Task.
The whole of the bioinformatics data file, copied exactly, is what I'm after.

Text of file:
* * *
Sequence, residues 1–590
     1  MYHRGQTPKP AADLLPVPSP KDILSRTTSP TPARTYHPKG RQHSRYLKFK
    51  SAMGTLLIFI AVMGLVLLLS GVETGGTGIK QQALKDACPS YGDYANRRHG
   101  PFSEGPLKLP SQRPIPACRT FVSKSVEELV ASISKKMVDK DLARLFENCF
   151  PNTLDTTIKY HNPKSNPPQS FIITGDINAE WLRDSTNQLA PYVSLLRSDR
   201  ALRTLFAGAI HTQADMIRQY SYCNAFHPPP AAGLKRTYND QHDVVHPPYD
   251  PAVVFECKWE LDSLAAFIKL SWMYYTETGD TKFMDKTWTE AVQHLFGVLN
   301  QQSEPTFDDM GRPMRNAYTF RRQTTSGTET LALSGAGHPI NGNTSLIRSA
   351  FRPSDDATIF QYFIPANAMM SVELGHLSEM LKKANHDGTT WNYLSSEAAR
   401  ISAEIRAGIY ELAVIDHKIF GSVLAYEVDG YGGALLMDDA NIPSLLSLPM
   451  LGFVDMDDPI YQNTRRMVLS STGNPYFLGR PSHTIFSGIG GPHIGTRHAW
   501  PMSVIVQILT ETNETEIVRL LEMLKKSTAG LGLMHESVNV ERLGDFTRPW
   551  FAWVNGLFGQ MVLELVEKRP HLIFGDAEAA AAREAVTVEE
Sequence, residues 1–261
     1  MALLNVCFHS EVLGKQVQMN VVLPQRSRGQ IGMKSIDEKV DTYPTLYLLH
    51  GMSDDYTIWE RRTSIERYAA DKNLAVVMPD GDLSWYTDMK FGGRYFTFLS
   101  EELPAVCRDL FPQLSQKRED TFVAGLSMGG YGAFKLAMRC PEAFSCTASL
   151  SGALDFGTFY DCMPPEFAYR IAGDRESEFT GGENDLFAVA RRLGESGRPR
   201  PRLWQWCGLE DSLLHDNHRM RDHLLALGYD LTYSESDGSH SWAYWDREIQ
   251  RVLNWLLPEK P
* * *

Sequence, residues 1–590
     1  MYHRGQTPKP AADLLPVPSP KDILSRTTSP TPARTYHPKG RQHSRYLKFK
    51  SAMGTLLIFI AVMGLVLLLS GVETGGTGIK QQALKDACPS YGDYANRRHG
   101  PFSEGPLKLP SQRPIPACRT FVSKSVEELV ASISKKMVDK DLARLFENCF
   151  PNTLDTTIKY HNPKSNPPQS FIITGDINAE WLRDSTNQLA PYVSLLRSDR
   201  ALRTLFAGAI HTQADMIRQY SYCNAFHPPP AAGLKRTYND QHDVVHPPYD
   251  PAVVFECKWE LDSLAAFIKL SWMYYTETGD TKFMDKTWTE AVQHLFGVLN
   301  QQSEPTFDDM GRPMRNAYTF RRQTTSGTET LALSGAGHPI NGNTSLIRSA
   351  FRPSDDATIF QYFIPANAMM SVELGHLSEM LKKANHDGTT WNYLSSEAAR
   401  ISAEIRAGIY ELAVIDHKIF GSVLAYEVDG YGGALLMDDA NIPSLLSLPM
   451  LGFVDMDDPI YQNTRRMVLS STGNPYFLGR PSHTIFSGIG GPHIGTRHAW
   501  PMSVIVQILT ETNETEIVRL LEMLKKSTAG LGLMHESVNV ERLGDFTRPW
   551  FAWVNGLFGQ MVLELVEKRP HLIFGDAEAA AAREAVTVEE
Sequence, residues 1–261
     1  MALLNVCFHS EVLGKQVQMN VVLPQRSRGQ IGMKSIDEKV DTYPTLYLLH
    51  GMSDDYTIWE RRTSIERYAA DKNLAVVMPD GDLSWYTDMK FGGRYFTFLS
   101  EELPAVCRDL FPQLSQKRED TFVAGLSMGG YGAFKLAMRC PEAFSCTASL
   151  SGALDFGTFY DCMPPEFAYR IAGDRESEFT GGENDLFAVA RRLGESGRPR
   201  PRLWQWCGLE DSLLHDNHRM RDHLLALGYD LTYSESDGSH SWAYWDREIQ
   251  RVLNWLLPEK P